0205 GMT November 28, 2020
Through the appropriate distribution of essential goods in the domestic market, price hikes resulting from the Iranian government’s move to ration gasoline can be prevented, said an Iranian MP.
On November 15, 2019, the Iranian government introduced gasoline rationing and price hikes of at least 50 percent.
Speaking in an exclusive interview with Iran Daily, Ahmad Anaraki-Mohammadi, a member of the Iranian Parliament’s Economic Committee, added that Iran annually allocates $14 billion in foreign currency at the official rate of 42,000 rials per dollar for importing essential goods.
He said that distribution of essential goods imported using the foreign currency resources made available at the official rate in the domestic market has been faced with a number of problems, noting that certain factors, such as brokerage, have led to increases in the prices of goods.
Greater care is required when purchasing essential goods and distributing them to the people given the implementation of the gasoline rationing plan and the possible inflation that might occur as a result of the rise in the price of fuel, the lawmaker stressed.
At present, the Iranian Parliament and government are determined to prevent hikes in market prices in light of the emphasis placed by the Leader of the Islamic Revolution Ayatollah Seyyed Ali Khamenei on the same issue, he noted.
Anaraki-Mohammadi said the Iranian Parliament Speaker Ali Larijani has assigned a mission to the Economic Committee to work out a solution for controlling prices by holding meetings with the country’s ministers and members of the supervisory organizations.
“This mission is currently being performed.”
Nevertheless, he added that controlling prices is not possible by solely issuing directives and tightening supervision.
“There are 3,000 trade units in the country. It is almost impossible to regularly control and supervise all of these units. We should look for economic solutions to organize the domestic market, achieve balance in supply and demand and, thus, be able to control the prices of goods.”
The MP stressed that the people’s role should not be overlooked in this area, adding that the people are also required to join hands with the government and play a supervisory role to facilitate and accelerate controlling prices.
“They should inform the government and other supervisory organizations of illegal and unjustified price increases and refrain from purchasing products that are sold at unreasonable prices.”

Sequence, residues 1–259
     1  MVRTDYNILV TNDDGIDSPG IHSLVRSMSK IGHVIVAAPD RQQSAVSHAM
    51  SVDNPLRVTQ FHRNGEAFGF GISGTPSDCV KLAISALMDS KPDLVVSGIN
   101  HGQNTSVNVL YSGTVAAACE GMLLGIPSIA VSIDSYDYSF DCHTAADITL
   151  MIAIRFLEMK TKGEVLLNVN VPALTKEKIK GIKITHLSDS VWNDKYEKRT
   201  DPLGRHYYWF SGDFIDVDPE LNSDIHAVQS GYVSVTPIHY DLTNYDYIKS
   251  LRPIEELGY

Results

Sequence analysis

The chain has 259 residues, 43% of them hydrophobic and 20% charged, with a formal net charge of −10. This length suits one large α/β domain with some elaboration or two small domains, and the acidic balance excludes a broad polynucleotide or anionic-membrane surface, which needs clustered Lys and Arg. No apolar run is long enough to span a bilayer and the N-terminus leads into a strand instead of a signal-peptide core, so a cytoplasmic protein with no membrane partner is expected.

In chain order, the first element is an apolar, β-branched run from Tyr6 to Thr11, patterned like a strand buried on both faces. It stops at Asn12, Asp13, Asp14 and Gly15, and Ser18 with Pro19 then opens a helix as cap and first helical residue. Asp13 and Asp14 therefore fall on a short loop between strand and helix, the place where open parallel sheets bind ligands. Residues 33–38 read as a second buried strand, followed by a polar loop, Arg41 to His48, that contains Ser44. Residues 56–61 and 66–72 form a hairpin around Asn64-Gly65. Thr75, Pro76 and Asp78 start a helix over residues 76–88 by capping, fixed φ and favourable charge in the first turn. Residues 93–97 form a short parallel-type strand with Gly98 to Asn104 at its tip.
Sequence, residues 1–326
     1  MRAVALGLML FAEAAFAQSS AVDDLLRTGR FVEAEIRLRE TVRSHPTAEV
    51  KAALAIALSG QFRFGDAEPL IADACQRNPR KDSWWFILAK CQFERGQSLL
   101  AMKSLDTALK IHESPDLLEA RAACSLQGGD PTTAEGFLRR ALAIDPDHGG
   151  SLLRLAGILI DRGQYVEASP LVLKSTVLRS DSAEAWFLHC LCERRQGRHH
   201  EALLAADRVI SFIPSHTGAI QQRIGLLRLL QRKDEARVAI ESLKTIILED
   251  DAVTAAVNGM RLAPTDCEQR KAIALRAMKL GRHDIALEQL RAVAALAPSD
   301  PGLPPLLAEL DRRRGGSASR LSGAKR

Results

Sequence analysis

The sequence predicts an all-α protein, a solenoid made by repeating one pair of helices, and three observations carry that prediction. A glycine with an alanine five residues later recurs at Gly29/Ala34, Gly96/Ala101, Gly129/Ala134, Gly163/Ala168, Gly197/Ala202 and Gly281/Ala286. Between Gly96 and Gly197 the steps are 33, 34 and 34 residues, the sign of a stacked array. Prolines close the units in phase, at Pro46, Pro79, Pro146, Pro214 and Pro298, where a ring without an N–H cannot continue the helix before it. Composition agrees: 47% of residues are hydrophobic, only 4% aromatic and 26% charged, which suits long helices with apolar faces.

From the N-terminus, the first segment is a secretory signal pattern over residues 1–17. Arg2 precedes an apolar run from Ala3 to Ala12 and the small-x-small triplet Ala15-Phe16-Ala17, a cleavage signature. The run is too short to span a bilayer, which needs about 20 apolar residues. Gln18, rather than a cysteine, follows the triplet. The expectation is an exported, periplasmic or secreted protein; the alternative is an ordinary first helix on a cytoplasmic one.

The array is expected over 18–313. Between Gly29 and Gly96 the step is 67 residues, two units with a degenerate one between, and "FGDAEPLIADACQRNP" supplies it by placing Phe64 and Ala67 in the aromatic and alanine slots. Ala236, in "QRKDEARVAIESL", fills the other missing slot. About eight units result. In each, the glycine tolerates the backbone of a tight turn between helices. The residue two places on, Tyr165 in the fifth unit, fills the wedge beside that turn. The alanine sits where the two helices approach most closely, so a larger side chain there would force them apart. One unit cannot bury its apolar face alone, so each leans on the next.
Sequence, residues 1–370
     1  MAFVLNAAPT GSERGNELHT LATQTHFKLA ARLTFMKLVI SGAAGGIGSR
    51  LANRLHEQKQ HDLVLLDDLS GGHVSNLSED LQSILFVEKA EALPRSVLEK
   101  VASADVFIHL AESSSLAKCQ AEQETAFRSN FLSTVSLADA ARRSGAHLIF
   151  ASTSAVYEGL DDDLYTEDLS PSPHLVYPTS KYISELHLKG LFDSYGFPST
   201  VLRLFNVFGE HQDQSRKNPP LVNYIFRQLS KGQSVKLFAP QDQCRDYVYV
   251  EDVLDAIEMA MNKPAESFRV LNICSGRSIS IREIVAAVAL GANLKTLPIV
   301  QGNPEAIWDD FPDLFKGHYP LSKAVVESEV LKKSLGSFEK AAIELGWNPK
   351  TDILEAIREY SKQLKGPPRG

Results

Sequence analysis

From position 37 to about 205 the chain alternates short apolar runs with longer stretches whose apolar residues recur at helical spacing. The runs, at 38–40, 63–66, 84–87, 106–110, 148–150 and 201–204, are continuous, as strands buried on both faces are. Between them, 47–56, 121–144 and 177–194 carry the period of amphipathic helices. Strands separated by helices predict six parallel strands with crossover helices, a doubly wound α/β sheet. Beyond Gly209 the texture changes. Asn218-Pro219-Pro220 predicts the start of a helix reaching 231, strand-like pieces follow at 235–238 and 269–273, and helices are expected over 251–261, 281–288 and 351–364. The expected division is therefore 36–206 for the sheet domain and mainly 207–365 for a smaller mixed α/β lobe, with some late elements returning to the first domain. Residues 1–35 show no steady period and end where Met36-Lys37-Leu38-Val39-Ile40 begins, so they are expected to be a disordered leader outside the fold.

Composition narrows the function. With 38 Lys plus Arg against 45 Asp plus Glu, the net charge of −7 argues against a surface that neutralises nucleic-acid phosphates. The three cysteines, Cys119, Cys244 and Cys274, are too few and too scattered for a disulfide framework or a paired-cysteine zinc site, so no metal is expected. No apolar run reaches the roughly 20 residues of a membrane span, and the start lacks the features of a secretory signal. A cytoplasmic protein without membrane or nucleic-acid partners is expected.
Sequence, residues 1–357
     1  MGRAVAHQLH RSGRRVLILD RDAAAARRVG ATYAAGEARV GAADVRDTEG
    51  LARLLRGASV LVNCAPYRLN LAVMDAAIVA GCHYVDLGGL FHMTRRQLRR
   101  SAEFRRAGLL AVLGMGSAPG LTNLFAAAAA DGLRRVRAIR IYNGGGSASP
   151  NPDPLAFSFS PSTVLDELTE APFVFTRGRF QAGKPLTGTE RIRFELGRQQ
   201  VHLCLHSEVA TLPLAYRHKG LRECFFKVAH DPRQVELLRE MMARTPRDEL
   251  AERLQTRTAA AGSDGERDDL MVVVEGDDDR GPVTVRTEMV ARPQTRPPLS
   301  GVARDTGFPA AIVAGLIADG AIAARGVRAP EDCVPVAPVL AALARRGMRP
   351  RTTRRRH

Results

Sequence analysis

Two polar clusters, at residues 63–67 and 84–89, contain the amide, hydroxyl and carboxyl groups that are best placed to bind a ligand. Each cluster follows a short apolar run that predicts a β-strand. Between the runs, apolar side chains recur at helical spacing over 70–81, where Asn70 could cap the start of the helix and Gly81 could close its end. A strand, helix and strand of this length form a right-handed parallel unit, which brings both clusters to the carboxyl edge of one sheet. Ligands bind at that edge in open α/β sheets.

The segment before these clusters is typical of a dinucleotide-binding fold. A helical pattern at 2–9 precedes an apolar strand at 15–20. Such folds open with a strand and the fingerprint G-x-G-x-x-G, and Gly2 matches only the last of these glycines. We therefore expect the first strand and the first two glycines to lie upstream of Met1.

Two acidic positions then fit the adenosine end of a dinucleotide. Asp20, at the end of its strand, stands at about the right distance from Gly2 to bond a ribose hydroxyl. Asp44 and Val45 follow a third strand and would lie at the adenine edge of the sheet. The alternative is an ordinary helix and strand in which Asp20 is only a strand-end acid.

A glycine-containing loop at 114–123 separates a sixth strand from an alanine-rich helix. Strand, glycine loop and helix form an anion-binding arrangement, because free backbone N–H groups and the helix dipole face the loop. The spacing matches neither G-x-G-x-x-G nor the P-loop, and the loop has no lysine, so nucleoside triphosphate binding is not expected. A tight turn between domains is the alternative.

On the other hand, the government must do its best to guarantee the timely payment of the monthly subsidies, which are generated from the increase in the price of gasoline, to poor families and ensure that all those in need of financial assistance will receive it, he said.
Anaraki-Mohammadi noted that based on the government’s decision, 18 million Iranian families (about 60 million individuals) are eligible to receive the financial assistance.
Since some of these individuals have not yet managed to receive their subsidies, efforts are required to identify those entitled to the assistance and grant them the subsidies as soon as possible, he emphasized.
“Normally, hikes in gasoline prices does not impact those of other products in many countries. However, since our economy is highly dependent on oil and its byproducts, and the prices of gasoline and major foreign currencies have a direct relationship with each other, an increase in one can immediately impact the inflation rate and prices of other goods.”
He said in countries where prices have been liberalized and no subsidy is paid on fuel, the rise in gasoline price does not affect other commodities.
On the other hand, if wages and salaries are raised simultaneously with, and in proportion to, the rise in the price of gasoline and other products, the problems in this field would be resolved, Anaraki-Mohammadi noted.